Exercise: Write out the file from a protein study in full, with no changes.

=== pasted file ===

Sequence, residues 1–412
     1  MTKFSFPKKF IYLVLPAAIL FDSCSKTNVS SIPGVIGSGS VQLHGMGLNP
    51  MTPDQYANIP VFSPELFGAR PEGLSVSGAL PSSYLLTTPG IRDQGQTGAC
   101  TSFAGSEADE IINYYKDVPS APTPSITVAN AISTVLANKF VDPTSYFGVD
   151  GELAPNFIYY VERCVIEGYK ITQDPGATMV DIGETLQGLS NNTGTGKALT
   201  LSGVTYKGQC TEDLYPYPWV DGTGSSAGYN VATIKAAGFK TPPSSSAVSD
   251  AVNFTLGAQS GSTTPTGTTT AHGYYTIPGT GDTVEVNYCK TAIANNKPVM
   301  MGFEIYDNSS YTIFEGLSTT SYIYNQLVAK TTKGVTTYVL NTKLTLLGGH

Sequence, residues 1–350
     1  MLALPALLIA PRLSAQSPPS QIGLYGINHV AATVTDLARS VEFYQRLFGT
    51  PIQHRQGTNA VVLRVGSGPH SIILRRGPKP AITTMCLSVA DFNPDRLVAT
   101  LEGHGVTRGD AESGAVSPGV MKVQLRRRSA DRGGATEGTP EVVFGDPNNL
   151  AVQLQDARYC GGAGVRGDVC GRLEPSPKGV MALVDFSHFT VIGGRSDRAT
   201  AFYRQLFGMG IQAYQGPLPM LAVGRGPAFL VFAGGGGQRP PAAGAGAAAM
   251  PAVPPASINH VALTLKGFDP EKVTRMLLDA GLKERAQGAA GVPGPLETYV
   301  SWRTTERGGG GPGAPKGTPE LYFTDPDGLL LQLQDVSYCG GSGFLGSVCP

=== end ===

Sequence, residues 1–412
     1  MTKFSFPKKF IYLVLPAAIL FDSCSKTNVS SIPGVIGSGS VQLHGMGLNP
    51  MTPDQYANIP VFSPELFGAR PEGLSVSGAL PSSYLLTTPG IRDQGQTGAC
   101  TSFAGSEADE IINYYKDVPS APTPSITVAN AISTVLANKF VDPTSYFGVD
   151  GELAPNFIYY VERCVIEGYK ITQDPGATMV DIGETLQGLS NNTGTGKALT
   201  LSGVTYKGQC TEDLYPYPWV DGTGSSAGYN VATIKAAGFK TPPSSSAVSD
   251  AVNFTLGAQS GSTTPTGTTT AHGYYTIPGT GDTVEVNYCK TAIANNKPVM
   301  MGFEIYDNSS YTIFEGLSTT SYIYNQLVAK TTKGVTTYVL NTKLTLLGGH

Sequence, residues 1–350
     1  MLALPALLIA PRLSAQSPPS QIGLYGINHV AATVTDLARS VEFYQRLFGT
    51  PIQHRQGTNA VVLRVGSGPH SIILRRGPKP AITTMCLSVA DFNPDRLVAT
   101  LEGHGVTRGD AESGAVSPGV MKVQLRRRSA DRGGATEGTP EVVFGDPNNL
   151  AVQLQDARYC GGAGVRGDVC GRLEPSPKGV MALVDFSHFT VIGGRSDRAT
   201  AFYRQLFGMG IQAYQGPLPM LAVGRGPAFL VFAGGGGQRP PAAGAGAAAM
   251  PAVPPASINH VALTLKGFDP EKVTRMLLDA GLKERAQGAA GVPGPLETYV
   301  SWRTTERGGG GPGAPKGTPE LYFTDPDGLL LQLQDVSYCG GSGFLGSVCP